Riot police clash with May Day protesters in Istanbul

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(Reuters) – Turkish police fired tear gas, water cannon and rubber pellets on Thursday to stop May Day protesters, some armed with fire bombs, from defying Prime Minister Tayyip Erdogan and reaching Istanbul’s central Taksim square. Citing security fears, authorities shut parts of the city’s public transport system, erected steel barricades and deployed thousands of riot police to block access to Taksim, a traditional union rallying point and the focus of weeks of anti-government protests last summer. Erdogan, who warned last week he would not let labor unions march on Taksim, has cast both last year’s street protests and a corruption scandal dogging his government since December as part of a plot to undermine him. The Istanbul governor’s office said it had received advanced information that “illegal terror organizations and their extensions” would resort to violence to stoke unrest. But the security measures failed to deter thousands of people from trying to march, with pockets of protesters playing cat and mouse with police in tear gas-shrouded side streets. Demonstrators in surrounding neighborhoods repeatedly tried to breach police lines blocking the way to Taksim, a normally teeming shopping and tourism district which lay virtually deserted and ringed by security checkpoints. Some 40 people were hospitalized and around 160 detained, according to the Progressive Lawyers Association. In the working class Okmeydani district, members of leftist groups threw fire bombs and fireworks at security forces, who responded with rubber pellets. Similar clashes erupted in March at the funeral of teenager Berkin Elvan, who had lain in a coma after being wounded in last year’s unrest. Elvan’s image was displayed on a giant poster on Thursday as some of the protesters chanted “Berkin’s murderer” at police. “This is a day of struggle. We’re not trying to reach Taksim to celebrate but to resist … We don’t want violence and whenever May Day was allowed in Taksim, it was peaceful,” said Caglar, 37, a teacher and leftist activist, clutching a scarf and a homemade antacid mixture to protect against the tear gas. Police also used water cannon and gas to disperse more than a thousand demonstrators in the capital Ankara, where the centre of the city was on lockdown, with a heavy security presence and police helicopters buzzing overhead. UNIONS DEFIANT After Erdogan’s warning against trying to march on Taksim, the government suggested instead that the May Day gathering should take place at a venue on the outskirts of the city. The unions rejected that idea. “We will be in Taksim despite the irrational and illegal ban. All roads will lead to Taksim on May Day, and our struggle for labor, equality, freedom, justice and peace will continue,” the main unions said in a joint statement on Wednesday. On the main Istiklal shopping street leading to Taksim, hundreds of police, some in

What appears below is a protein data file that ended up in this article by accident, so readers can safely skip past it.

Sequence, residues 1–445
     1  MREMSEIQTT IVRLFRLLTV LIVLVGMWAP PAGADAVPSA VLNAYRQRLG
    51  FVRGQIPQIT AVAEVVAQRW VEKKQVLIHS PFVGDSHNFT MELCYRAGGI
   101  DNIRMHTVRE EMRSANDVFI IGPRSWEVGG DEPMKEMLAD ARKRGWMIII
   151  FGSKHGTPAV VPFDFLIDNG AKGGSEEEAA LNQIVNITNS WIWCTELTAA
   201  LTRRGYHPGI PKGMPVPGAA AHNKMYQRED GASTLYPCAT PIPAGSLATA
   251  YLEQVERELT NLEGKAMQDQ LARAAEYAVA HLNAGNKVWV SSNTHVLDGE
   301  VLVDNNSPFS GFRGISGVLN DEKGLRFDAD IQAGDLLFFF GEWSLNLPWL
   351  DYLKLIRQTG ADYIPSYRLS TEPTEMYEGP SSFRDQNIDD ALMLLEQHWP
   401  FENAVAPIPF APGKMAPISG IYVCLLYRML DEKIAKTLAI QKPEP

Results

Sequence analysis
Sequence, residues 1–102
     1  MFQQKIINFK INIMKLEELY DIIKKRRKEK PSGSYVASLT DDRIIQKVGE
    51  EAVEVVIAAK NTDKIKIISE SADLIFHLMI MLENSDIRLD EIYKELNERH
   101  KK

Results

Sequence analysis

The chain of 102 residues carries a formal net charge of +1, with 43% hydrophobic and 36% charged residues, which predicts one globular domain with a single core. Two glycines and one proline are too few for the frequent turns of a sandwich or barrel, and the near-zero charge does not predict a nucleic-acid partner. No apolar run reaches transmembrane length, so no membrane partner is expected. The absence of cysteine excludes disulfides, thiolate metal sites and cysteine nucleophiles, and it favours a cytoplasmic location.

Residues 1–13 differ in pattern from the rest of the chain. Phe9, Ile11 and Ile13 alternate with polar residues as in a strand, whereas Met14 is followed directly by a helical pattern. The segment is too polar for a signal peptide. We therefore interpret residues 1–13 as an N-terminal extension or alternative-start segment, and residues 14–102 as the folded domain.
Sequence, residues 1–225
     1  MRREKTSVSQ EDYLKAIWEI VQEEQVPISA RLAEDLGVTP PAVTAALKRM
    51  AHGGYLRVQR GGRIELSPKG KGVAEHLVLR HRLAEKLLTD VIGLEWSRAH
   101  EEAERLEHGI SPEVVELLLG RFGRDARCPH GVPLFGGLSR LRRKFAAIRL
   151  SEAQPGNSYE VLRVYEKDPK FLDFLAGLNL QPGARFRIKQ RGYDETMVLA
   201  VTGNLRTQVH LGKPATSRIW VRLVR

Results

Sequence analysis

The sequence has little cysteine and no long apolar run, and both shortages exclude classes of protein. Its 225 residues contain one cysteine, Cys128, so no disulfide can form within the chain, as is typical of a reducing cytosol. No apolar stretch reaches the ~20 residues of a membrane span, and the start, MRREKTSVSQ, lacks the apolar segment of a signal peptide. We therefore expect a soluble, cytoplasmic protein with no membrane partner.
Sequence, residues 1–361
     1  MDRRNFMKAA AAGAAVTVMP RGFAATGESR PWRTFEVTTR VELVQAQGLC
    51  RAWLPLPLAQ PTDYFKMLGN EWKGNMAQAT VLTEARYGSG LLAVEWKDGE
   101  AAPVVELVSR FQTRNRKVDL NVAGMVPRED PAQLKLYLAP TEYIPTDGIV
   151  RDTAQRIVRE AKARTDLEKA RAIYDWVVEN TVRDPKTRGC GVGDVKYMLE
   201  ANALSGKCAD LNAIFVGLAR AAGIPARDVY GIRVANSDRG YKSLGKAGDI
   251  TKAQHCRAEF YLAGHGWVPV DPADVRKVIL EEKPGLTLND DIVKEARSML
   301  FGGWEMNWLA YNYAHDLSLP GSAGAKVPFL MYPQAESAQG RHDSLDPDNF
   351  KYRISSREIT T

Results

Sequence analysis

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plain clothes, others in riot gear, sat outside shuttered shops. A handful of disgruntled tourists were searched by police as they tried to enter the area, normally one of the busiest in the city of 15 million people. “This is supposed to be a friendly place for tourists. This is a terrible way to treat visitors,” said Mustafa, from Cairo. The authorities issued a similar ban last year, leading to thousands of anti-government protesters fighting with police as they tried to breach barricades around the huge square, which in previous years was a focal point for labor demonstrations. That violence was followed by mass protests that spread across Turkey late last May, in one of the biggest challenges to Erdogan’s rule since his AK Party came to power in 2002. “Give up your hope of Taksim,” Erdogan said at a meeting of his ruling AK Party lawmakers in parliament last week. The prime minister has in the past dismissed protesters as “riff-raff” and “terrorists” and pointed to his AK Party’s strong showing in elections. The AK Party dominated the electoral map in municipal polls on March 30, retaining control of both Istanbul and Ankara despite the corruption scandal and last summer’s unrest. But he has faced criticism from abroad, not least from the European Union which Turkey aspires to join, over restrictions on freedom of speech including a two-week ban on Twitter and last summer’s police crackdown on demonstrations. The Washington-based think tank Freedom House downgraded Turkey’s press to “Not Free” from “Partly Free” in its annual Press Freedom Rankings on Thursday, saying the country remained the world’s worst jailer of journalists. (Additional reporting by Ece Toksabay and Umit Bektas in Istanbul, and Mert Ozkan in Ankara; Writing by Jonny Hogg; Editing by Nick Tattersall and Andrew Heavens)

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